If you approach Waterloo Place from The Mall stay on the left hand side once you get to the top of the steps.

The mounting block is outside of the Athenaeum club which was founded in the 1820s, but not completed until 1830. The Duke of Wellington was a founding member and requested that this block be installed outside to help him mount his horse, possibly even his famouse charger Copenhagen.




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Temple Church

Temple Church at the Inner and Middle Temples

Temple Church in London became known to most people through Dan Brown’s book, and the subsequent movie, the Da Vinci Code, yet it is not easy to find.

The church sits between the Inner and Middle Temple of the Inns of Court, just off Fleet Street. If you visit the church during the weekend you will need to access it via Tudor Street as the Inns of Court are closed during the weekend and in the evenings. Check their website before you visit for their opening days and times.

The floor exhibit in the foreground dates from the 12th/13th century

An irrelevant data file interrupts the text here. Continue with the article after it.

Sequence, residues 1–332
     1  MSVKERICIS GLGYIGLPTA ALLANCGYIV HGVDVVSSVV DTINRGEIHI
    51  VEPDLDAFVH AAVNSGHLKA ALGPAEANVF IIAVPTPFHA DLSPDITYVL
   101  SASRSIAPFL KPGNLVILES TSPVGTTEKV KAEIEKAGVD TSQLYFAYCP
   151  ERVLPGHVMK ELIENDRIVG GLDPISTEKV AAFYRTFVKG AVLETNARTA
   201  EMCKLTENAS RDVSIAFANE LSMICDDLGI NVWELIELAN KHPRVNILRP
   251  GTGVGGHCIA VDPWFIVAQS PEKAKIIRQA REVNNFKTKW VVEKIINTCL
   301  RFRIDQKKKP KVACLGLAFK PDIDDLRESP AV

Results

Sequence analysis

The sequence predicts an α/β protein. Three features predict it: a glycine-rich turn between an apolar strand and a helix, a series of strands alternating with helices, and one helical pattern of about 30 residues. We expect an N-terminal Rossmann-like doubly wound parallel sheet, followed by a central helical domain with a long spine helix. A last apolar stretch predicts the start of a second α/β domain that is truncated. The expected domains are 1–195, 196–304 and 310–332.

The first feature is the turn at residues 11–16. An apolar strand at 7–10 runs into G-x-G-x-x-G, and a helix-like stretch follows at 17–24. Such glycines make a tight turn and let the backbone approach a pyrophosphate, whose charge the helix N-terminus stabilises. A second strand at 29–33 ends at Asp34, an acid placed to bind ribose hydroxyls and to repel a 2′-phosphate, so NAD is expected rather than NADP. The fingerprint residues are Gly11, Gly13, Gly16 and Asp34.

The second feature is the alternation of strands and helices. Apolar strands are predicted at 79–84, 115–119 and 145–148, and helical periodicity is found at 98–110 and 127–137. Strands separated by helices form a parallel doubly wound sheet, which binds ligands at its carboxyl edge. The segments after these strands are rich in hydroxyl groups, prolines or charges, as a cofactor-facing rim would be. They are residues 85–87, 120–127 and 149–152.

800 years of history can be seen and felt here, which began in the 12th century with the Crusaders. The church was built by the Knights Templar, which was an order of crusading monks who protected pilgrims on their way to and from Jerusalem. The church was designed to recall the holiest place in the Crusaders’ world, the circular Church of the Holy Sepulchre in Jerusalem.

The order of the Kights Templar was eventually abolished in 1307 by the Pope on the instigation of Philip IV King of France, at which point King Edward II took control of the temple. Eventually the temple was given to the Order of St John, the Knights Hospitaller, who had always worked with the Templars. It was at this point that the lawyers moved into the area. They were looking for a home in London in order to attend to the royal courts at Westminster and so the 2 colleges rented the temple and it became the Inner and Middle Temples. The colleges shared the church and to this day they maintain the church.